I only recently, a few years ago, began using learning centers in my classroom. I had always wanted to do some type of center work but I was not sure how to manage the students during center time.
I observed different classroom settings and talked with teachers that use learning centers successfully. I gave them a try. Now learning centers are used in my room on a weekly, almost daily, basis.
A learning center is an activity or group of activities that demonstrates, reinforces, or practices a specific skill. During learning centers, the students are basically responsible for their learning. During center time, teachers monitor and facilitate.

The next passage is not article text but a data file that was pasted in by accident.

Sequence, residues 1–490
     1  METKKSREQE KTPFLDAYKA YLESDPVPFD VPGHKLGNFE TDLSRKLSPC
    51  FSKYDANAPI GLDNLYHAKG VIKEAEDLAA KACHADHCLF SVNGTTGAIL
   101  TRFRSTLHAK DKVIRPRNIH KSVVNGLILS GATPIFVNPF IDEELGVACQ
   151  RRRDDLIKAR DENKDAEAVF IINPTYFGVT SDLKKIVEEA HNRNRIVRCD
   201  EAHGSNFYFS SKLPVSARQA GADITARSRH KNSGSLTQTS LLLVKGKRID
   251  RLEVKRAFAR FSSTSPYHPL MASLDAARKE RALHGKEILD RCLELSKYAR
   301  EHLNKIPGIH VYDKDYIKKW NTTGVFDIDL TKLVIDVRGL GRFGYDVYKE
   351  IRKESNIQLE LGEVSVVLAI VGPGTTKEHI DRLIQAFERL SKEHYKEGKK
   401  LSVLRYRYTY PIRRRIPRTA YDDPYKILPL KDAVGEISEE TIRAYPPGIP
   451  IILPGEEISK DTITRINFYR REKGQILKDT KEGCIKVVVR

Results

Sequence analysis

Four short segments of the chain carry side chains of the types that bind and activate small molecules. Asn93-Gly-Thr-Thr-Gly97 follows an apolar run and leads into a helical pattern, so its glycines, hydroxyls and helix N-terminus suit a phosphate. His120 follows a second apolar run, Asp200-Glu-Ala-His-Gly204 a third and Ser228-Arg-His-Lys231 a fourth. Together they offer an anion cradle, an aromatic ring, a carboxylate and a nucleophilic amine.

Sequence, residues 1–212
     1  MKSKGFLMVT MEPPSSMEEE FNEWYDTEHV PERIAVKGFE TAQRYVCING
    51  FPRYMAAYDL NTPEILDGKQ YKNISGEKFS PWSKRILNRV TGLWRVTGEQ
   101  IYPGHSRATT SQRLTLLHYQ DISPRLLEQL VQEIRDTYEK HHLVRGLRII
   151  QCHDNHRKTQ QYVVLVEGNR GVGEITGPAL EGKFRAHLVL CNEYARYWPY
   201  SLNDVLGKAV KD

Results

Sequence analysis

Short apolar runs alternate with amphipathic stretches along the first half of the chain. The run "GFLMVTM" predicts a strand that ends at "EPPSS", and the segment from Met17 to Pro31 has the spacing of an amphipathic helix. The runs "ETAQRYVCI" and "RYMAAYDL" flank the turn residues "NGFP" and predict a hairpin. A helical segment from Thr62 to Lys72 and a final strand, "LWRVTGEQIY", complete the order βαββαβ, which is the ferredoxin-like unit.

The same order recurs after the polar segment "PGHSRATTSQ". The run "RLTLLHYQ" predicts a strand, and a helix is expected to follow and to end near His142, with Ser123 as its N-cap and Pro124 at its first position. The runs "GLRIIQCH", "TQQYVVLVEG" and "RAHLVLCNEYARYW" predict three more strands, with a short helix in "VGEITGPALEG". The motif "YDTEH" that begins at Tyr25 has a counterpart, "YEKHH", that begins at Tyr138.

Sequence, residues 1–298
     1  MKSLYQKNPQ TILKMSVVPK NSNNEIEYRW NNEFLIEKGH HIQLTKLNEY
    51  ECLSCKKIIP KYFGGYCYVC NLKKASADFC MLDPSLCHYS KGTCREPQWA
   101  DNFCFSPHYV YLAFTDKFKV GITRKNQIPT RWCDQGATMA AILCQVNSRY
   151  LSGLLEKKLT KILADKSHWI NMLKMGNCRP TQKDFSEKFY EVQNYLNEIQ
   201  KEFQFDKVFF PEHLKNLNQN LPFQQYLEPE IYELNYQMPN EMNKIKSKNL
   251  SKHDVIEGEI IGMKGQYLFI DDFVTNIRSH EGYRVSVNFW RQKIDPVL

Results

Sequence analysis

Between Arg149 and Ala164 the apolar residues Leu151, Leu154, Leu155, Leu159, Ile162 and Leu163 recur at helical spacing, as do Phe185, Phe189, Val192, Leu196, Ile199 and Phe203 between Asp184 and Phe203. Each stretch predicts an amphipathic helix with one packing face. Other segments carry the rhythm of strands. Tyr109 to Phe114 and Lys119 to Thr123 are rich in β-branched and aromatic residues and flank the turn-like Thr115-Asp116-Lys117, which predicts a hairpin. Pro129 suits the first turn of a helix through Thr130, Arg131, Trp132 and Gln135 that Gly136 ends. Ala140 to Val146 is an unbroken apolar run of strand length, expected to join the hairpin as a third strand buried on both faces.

For learning centers, students are divided into small groups. Each group is given a different task to complete. The tasks are then rotated among the groups throughout the week.
At center time, students may work at their own pace, independently, or within a group.
The students are not required to finish their work at the same time. Nor are they asked to be on the same step of the activity at the same time. Students may refer to others in their group if they need help. However in most cases, they are not required to work as a team.
Centers can be created around certain skills, subjects, or themes. Some teachers prefer to have a center for math, writing, art, and reading. The centers can be as complicated or as easy as needed.
There are no age or grade level limits to creating centers. I can see how learning centers could be successful in grade kindergarten through eighth. I feel that students at any level enjoy the independence and cooperative work that centers provide. Learning centers give the students a feeling of control over their learning.
Learning centers can be a great experience for both the learner and the educator.